The first large-scale, independent study of Chicago's integrated surveillance camera system, deemed by a former Homeland Security Secretary to be the most "extensive and integrated" in the nation calls for a moratorium on the placement of new surveillance cameras in the City of Chicago. The ACLU of Illinois report is titled "Chicago's video surveillance cameras: A pervasive and unregulated threat to our privacy."

In addition to seeking the moratorium, the report contains a list of recommendations -- focusing on the most invasive of the surveillance camera system features in Chicago (including facial recognition, automatic tracking, and zooming), storage and disclosure of images, transparency, and public input. Among the proposals advanced by the ACLU of Illinois are these: requiring individualized suspicion either of criminal activity or a threat to public safety before a camera operator uses the zoom, facial recognition or automatic tracking technologies, especially when individuals are engaged in First Amendment protected activity; prohibiting recording of activity in private areas (such as residences and private businesses); bar the dissemination of images captured by the cameras except under specific circumstances; and requiring public notice and the opportunity for public input before a camera is installed in the City of Chicago. The report, funded in part by a grant from the Open Society Institute of New York City, was transmitted to all the candidates for Mayor of Chicago in the February 2011 election, as well as current alderman and aldermanic candidates.

The report, the first independent study of the system, notes that in addition to the vast number of cameras and close integration, Chicago's cameras have three powerful and potentially invasive technologies:

  • The cameras have a "zoom" capacity, allowing operators to see small objects and features at great distances and at many times their normal size;
  • The cameras have "facial recognition" capacity, enabling a computer to automatically search for a particular person's face; and,
  • The cameras have an "automatic tracking" capacity, by which a computer can automatically track a person or vehicle moving along a public way, jumping from one camera to the next.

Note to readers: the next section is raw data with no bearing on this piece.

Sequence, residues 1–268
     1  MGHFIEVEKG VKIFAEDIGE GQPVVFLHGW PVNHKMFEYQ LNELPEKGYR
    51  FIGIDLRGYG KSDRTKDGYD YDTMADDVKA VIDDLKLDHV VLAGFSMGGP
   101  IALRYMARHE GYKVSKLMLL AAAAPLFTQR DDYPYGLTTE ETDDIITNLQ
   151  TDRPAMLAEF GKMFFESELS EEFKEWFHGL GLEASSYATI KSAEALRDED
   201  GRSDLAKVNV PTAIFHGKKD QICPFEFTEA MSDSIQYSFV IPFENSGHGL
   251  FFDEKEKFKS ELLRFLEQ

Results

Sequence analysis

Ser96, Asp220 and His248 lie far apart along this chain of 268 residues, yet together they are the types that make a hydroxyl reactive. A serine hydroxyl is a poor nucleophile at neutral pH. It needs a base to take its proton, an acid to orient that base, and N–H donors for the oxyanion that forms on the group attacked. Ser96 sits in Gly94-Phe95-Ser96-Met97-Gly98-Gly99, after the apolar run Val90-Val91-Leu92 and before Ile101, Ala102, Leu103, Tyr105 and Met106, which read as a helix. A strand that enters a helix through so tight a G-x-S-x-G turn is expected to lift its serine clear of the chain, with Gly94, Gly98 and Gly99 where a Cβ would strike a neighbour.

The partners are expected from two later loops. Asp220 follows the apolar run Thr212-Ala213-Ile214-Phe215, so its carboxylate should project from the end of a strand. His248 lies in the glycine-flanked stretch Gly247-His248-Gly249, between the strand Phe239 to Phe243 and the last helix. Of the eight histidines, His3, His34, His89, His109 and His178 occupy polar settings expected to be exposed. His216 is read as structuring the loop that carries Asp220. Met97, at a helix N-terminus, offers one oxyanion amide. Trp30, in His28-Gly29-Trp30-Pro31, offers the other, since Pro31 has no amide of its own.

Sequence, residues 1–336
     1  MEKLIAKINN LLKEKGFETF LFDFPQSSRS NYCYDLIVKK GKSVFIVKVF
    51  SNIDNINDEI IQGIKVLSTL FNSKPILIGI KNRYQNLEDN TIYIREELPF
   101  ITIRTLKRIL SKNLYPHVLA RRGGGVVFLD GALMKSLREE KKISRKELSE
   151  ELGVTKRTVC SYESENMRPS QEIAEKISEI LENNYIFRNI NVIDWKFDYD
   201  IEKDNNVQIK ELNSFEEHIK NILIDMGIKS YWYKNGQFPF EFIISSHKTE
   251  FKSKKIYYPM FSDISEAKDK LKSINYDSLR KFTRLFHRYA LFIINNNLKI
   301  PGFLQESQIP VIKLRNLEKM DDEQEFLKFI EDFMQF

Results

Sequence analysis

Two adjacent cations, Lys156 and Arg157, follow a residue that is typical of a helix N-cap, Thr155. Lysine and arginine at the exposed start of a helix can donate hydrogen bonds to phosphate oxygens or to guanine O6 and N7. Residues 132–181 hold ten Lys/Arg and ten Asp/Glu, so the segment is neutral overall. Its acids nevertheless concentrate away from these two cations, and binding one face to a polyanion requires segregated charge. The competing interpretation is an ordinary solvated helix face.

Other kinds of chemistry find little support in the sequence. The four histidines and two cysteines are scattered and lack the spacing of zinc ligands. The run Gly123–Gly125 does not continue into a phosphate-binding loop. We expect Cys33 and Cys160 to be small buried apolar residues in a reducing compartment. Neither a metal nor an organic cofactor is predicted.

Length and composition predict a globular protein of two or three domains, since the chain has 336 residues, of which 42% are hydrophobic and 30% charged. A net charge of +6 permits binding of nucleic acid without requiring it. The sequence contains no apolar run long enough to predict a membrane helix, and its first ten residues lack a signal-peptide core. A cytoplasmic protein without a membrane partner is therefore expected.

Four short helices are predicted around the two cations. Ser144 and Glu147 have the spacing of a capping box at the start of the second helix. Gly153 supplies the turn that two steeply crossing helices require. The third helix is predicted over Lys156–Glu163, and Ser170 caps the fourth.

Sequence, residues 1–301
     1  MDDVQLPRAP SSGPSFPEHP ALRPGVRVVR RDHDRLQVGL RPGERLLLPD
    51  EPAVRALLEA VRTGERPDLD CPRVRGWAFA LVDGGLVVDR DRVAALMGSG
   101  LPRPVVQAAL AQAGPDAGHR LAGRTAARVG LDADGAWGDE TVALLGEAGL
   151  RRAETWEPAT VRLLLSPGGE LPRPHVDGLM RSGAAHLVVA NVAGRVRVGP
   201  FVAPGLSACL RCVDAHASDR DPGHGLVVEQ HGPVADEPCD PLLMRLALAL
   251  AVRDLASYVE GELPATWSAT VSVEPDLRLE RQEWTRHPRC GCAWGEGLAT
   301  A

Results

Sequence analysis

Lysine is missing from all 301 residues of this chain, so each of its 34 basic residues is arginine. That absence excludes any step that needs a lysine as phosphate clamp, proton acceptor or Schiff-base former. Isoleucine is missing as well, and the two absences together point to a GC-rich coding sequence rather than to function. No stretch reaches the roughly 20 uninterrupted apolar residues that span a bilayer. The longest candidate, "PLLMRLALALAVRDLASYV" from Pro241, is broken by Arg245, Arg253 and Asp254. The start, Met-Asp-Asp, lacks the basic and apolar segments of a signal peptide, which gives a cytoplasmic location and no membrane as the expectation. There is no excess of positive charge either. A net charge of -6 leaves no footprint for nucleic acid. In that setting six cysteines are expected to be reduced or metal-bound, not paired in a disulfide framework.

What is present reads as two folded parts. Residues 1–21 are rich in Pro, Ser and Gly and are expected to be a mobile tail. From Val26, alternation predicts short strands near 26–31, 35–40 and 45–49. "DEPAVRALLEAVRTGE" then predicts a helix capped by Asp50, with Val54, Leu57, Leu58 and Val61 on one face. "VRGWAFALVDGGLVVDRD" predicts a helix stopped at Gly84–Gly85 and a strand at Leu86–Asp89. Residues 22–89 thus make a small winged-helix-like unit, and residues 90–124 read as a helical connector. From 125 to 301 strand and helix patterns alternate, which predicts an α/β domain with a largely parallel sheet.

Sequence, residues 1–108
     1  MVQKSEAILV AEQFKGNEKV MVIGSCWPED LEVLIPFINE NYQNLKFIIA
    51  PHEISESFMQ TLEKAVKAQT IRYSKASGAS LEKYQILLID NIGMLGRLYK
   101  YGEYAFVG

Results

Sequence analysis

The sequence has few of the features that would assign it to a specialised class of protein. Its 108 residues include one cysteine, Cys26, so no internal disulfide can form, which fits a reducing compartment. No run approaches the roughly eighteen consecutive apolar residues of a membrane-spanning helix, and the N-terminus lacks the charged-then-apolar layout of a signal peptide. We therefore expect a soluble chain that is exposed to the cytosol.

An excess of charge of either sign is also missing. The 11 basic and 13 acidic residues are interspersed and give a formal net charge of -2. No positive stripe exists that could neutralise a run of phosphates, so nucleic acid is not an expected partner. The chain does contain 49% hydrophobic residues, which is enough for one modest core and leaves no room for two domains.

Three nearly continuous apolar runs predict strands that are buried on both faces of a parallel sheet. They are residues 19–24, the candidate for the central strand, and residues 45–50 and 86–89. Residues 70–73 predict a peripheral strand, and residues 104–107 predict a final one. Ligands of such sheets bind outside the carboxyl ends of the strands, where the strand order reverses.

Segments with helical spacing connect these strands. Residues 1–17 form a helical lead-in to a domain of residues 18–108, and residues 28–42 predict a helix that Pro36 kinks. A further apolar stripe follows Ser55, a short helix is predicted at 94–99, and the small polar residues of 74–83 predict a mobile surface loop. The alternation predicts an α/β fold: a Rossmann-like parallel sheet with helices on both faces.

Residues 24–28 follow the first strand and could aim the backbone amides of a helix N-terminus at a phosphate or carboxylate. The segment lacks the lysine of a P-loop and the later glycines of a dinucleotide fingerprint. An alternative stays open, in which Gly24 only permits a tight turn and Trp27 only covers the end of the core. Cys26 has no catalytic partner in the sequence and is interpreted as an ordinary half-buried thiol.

The ACLU report urges a moratorium on the deployment of new cameras to provide time for the City to conduct a "comprehensive review of the past, present, and future of Chicago's surveillance camera system." The report recommends that the review "define the City's objectives, consider all the costs, and weigh al the evidence about effectiveness," and perhaps most importantly, "consider whether to reduce the number of cameras in the City's system."

City officials have spoken bluntly about their vision of expanding the system, including remarks by Mayor Richard Daley that he wants a "camera on every corner of the City" over the next few years. Other cities (including Denver, New York City, Pittsburgh, Salt Lake City, San Francisco and Washington, DC) have adopted explicit written policies to protect privacy. Additionally, a blue ribbon commission that included former FBI Director William Sessions proposed a set of model regulations that contain critical privacy safeguards.

The report stresses that part of the City's considerations should include the cost of cameras and their effectiveness compared to the value of a police officer at a time when the City's police force is down more than 1,000 officers. The ACLU notes that the most recent comprehensive studies on surveillance cameras raise important questions about their effectiveness. A 2009 study of surveillance cameras in San Francisco, conducted by the University of California at Berkley, found that cameras had no "statistically significant impact on violent crime" or "drug crime." A year earlier, a review by the University of Southern California of all domestic studies on surveillance cameras in the United States found that no statistically significant impact on crime could be found as a result of the presence of surveillance cameras.